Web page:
Contaminants in your drinking water, such as disease-causing microorganisms or toxin dissolved metals, can pose a health risk to you and your family. Meanwhile, non-hazardous contaminants can make your water taste bad. Several natural materials are incorporated into modern water filtration systems to help remove potential contaminants so you can enjoy safer and tastier water.
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Activated carbon, also known as charcoal, is a very porous type of carbon. It can be made from a variety of natural substances, including wood and peat moss. It helps purify water in a water filter by trapping contaminants, reports the Natural Resources Defense Council. The council also notes that carbon's positive charge also helps attract contaminants to the carbon. It's popular because it can remove common heavy metals like lead, as well as dissolved chemicals and some types of parasites.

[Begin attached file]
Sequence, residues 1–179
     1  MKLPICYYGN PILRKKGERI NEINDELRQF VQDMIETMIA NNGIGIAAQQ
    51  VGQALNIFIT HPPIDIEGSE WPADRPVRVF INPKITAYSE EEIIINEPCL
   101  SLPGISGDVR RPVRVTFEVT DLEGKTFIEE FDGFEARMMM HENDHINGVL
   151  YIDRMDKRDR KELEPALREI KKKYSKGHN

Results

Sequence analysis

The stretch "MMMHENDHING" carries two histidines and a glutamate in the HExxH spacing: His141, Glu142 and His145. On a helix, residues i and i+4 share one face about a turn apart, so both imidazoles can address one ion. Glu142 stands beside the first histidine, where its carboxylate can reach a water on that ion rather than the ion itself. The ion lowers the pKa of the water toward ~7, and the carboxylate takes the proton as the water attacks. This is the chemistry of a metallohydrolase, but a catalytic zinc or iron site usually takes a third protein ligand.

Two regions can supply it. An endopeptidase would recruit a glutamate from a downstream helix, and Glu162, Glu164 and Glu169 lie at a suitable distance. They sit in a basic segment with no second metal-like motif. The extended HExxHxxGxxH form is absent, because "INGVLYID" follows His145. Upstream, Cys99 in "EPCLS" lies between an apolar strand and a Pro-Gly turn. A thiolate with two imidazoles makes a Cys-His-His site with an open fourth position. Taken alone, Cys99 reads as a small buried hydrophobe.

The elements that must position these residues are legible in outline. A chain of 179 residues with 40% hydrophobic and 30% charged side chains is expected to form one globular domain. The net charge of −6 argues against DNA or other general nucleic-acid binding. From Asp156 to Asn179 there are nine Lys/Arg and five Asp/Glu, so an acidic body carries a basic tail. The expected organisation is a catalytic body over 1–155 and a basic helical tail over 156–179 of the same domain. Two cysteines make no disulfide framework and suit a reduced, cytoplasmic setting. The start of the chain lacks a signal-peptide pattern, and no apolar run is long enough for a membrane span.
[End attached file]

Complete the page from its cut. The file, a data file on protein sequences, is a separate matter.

Ceramic water filters, fashioned from natural clay, works as a slow but effective filter medium, according to the Massachusetts Institute of Technology. The dirty water is pushed through the ceramic, and the ceramic captures impurities like arsenic and microbes. MIT says ceramic filters are popular in developing countries due to their cheap construction costs.
A sand bed made from glauconite, a green clay, is extremely effective at filtering out mineral impurities in water, according to North Dakota State University. The university says that dirty water is pushed through the sand. Sand captures insoluble minerals and can be reused by rinsing it. However, sand is primarily used to get rid of minerals like manganese and iron, which affect water taste and also create mineral stains.
Diatomaceous earth is the crumbled form of a type of siliceous rock. When layered, its very fine texture helps to remove larger impurities like algae, as well as waterborne viruses, according to the National Drinking Water Clearinghouse. This makes diatomaceous earth-based water filters popular for recreational uses like swimming pools.